connecting two clauses in "It's advised that A and that B"

JBPARK

Senior Member
According to “Living Rules", it is advised that you have clean water bottles, toilet articles and towels ready, and that you wash hands and feet before entering the dining facility and brush teeth after each meal."

HI,

Regarding the above sentence I wrote, I am wondering whether it's OK to have the underlined part as it is, or whether I should tweak it by adding or subtracting words because in its current form, it's not grammatical.

Thanks for your expertise in advance.
 
  • owlman5

    Senior Member
    English-US
    Your sentence looks good to me, JB Park. You might want to add one word to the underlined part: ..., and that you wash your hands and feet before...
     

    wandle

    Senior Member
    English - British
    The text is grammatical and the bald style is appropriate for instructions.
    However, it is not clear from the phrasing whether the advice originates from 'Living Rules', or is being quoted by 'Living Rules' from some other source.
     
    Last edited:

    perpend

    Banned
    American English
    According to “Living Rules", it is advised that you have clean water bottles, toilet articles and towels ready, and that you wash hands and feet before entering the dining facility and brush teeth after each meal."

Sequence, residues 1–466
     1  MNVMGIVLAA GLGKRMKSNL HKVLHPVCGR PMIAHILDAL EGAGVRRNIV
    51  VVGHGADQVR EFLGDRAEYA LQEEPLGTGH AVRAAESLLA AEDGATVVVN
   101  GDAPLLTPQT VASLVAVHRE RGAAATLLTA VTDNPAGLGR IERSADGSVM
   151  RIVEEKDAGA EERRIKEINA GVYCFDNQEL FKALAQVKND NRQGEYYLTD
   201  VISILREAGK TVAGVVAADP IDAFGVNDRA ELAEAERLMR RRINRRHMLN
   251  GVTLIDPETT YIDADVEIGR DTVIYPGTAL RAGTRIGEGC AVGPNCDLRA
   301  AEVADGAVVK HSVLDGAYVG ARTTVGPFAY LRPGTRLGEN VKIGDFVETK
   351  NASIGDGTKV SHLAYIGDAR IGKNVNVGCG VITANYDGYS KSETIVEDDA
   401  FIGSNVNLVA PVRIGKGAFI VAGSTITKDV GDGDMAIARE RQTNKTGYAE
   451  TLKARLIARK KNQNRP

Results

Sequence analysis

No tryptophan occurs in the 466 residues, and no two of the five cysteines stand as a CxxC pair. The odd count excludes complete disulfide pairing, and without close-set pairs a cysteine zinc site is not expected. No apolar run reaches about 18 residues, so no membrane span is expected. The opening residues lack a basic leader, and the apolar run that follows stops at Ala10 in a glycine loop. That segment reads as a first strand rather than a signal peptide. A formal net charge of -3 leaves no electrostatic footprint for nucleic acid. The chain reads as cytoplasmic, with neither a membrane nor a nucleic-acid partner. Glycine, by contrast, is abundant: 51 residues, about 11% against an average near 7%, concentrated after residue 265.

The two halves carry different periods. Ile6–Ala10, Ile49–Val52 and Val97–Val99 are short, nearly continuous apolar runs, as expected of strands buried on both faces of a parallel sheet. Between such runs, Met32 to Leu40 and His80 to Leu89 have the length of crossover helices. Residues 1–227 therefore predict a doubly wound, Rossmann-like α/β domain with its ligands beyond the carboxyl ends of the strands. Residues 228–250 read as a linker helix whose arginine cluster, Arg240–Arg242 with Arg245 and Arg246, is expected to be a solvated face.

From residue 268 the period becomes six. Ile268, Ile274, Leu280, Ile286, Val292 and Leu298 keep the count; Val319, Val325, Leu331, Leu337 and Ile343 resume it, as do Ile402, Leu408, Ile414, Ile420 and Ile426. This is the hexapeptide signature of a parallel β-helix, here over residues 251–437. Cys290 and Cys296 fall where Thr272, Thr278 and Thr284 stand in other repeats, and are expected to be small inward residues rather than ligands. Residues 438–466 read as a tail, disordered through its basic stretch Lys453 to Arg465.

It's all clear by me. It doesn't need tweaking.
     

    PaulQ

    Banned
    UK
    English - England
    I would add your as shown. It is not entirely necessary but, without them, your example is little impersonal.

    and that you wash your hands and feet before entering the dining facility and brush your teeth after each meal."
     

    JBPARK

    Senior Member
    Well, I don't mind it coming off a bit impersonal since it's talking about a certain kind of "rule".

    Without them, would it sound awkward, aside from being impersonal?

    "...and that you wash hands and feet before entering the dining facility and brush teeth after each meal."
     

    PaulQ

    Banned
    UK
    English - England
    To be honest, I think both yours are needed. Although understandable without them, there is just something a little strange about the sentence.

     
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